In Colorado Springs, a combination of desert-like conditions and a predominately military population mean increased potential for blazes.
The city isn't likely to suddenly experience higher precipitation and soldiers aren't likely to stop live-firing training on military installations, like Fort Carson.
Despite several fires reported on Fort Carson this year, which collectively burned over 2,000 acres of training land, none have threatened life or property, according to Garrison Commander Col. Joel Hamilton.
"They've all been under control and closely monitored," Hamilton said.
Most fires burn five acres or less before they're knocked down, and the community doesn't even know they happen, according to Fort Carson Fire Chief Glen Silloway. The department runs between 100 and 120 fire calls a year, most of which don't rise to the level of community attention, he said. But some fires in the past three months have. All of them sparked by live-firing training:
- On Jan. 19, a small fire took two hours to knock down on a training range.
- On Jan. 29, crews responded to a fire in a small impact area on Fort Carson's south side.
- Feb. 20, a range fire scorched 1,200 acres near the Turkey Creek Recreation area.
- March 4, flames tore through 550 acres of training lands.
Those numbers are relatively low considering the consistent training happening on the campus, Hamilton said. That's mainly a result of careful weather considerations that go into deciding when soldiers can train and what type of munitions they can use.
Just as the rest of the community is advised against open burning, grilling and even tossing a cigarette during National Weather Service-issued red flag warnings, Fort Carson is under the same restraints, Hamilton said. Pyrotechnics are the first to go during those periods of heightened awareness.
"It does shut down certain training," Silloway said.
Still, a live-fire operation involving the Marine Corps Feb. 20 came a day after Colorado Springs was dropped from Red Flag alert during one of the area's hottest, driest, windiest weeks on record. It burned 1,200 acres.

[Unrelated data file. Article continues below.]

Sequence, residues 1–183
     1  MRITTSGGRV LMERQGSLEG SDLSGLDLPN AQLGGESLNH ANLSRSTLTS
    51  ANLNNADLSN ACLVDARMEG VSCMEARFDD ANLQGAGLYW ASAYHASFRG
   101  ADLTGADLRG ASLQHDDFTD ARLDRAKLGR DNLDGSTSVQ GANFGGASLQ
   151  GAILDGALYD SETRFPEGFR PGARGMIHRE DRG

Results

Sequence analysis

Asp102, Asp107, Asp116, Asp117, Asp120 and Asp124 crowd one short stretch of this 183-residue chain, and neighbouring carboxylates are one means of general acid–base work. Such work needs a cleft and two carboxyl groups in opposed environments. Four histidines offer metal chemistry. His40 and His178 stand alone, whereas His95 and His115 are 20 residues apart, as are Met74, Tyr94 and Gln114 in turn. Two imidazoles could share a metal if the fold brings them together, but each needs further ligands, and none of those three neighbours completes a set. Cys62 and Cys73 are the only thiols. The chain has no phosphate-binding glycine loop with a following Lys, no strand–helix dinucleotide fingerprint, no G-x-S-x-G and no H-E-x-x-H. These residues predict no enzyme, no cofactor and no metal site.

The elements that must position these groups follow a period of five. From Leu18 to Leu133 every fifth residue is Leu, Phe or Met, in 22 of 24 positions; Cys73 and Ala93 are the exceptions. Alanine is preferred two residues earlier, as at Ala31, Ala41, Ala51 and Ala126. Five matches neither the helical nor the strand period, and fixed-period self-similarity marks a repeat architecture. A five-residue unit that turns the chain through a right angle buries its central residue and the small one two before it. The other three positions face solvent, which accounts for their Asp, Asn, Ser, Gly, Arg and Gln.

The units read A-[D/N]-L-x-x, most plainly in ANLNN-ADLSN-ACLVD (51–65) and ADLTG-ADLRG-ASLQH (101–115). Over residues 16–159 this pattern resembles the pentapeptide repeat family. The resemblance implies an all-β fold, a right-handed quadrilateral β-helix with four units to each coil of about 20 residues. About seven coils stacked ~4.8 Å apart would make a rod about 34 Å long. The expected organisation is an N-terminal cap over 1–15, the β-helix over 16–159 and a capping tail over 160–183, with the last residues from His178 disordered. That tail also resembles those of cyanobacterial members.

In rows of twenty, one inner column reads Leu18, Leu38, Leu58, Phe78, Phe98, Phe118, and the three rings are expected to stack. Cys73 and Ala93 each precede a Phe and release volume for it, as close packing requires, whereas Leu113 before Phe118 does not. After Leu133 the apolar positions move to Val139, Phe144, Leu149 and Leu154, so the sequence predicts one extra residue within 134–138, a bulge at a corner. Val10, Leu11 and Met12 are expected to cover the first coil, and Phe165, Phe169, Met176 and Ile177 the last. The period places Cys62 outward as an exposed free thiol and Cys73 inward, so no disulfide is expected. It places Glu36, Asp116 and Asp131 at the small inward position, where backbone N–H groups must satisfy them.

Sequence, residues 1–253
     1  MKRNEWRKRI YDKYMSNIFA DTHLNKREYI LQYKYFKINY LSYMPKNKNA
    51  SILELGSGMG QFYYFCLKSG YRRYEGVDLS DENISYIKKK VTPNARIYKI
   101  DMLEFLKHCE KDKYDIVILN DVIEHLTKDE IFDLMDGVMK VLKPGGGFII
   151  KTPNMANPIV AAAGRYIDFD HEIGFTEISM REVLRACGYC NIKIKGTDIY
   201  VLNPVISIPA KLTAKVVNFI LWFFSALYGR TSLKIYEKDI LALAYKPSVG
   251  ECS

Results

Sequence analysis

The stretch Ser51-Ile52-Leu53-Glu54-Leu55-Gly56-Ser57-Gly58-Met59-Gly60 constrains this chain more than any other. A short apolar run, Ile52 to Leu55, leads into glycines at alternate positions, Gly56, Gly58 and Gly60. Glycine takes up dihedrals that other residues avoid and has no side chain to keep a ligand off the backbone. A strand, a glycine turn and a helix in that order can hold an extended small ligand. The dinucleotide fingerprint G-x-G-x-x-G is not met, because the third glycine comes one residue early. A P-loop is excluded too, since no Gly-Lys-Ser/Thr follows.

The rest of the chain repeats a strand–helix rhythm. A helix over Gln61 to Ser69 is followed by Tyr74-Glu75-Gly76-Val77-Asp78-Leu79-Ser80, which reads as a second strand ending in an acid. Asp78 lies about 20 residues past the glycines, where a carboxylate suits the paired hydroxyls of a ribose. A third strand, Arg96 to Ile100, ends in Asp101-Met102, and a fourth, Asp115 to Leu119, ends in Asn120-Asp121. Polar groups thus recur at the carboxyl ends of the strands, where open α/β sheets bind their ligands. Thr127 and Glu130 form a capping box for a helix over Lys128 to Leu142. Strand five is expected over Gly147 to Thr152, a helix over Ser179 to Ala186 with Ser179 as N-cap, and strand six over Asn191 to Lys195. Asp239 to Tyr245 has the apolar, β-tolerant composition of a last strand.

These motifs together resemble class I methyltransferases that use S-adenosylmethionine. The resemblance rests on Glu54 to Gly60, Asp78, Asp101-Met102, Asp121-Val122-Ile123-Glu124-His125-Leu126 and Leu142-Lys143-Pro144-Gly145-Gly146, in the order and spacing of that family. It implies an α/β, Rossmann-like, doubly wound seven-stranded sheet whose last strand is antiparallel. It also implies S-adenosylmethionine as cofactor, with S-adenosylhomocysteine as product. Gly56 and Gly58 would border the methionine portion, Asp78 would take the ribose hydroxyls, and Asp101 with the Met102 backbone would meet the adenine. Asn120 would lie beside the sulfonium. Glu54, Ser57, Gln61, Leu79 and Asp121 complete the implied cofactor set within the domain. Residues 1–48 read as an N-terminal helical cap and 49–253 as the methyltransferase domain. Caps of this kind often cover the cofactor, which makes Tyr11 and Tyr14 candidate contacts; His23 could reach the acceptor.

Hamilton characterized it as an unfortunate side effect of Fort Carson's obligation to provide its soldiers with realistic training as they prepare to be shipped off to combat zones overseas.
Of Fort Carson's 136,000 acres, 120,000 of them are designated for training. That doesn't include lands at Pinon Canyon Maneuver Site, Hamilton said.
Still, it's a balancing act, Hamilton said, to make sure they are good stewards of the land while "ensuring we have a very well-trained army." Fort Carson soldiers are currently deployed on about five continents, nine countries and three U.S. states, he said.
"Realistic training saves lives, because soldiers experience those realistic conditions before they get to a combat zone where they're in harm's way," Hamilton said.
Efforts are in place to mitigate fire danger. In addition to limiting training during certain weather patterns, the fire department also conducts prescribed burns to rid training areas of the fuels that could feed flames should they occur.
The fire department typically conducts controlled burns across 18-20,000 acres on Fort Carson, Silloway said. Three such prescribed burns were scheduled for the first couple weeks of March, but were canceled due to weather conditions. They have yet to be rescheduled, Silloway said.
Residents are encouraged to call authorities if they see smoke or have concerns. For Fort Carson fires, residents can call 719-526-9848 or the after-hours line at 719-526-5500. Residents can also report concerns online at www.carson.army.mil. Under the useful links section, click "Noise and Environmental Concerns" and use the email link to contact authorities.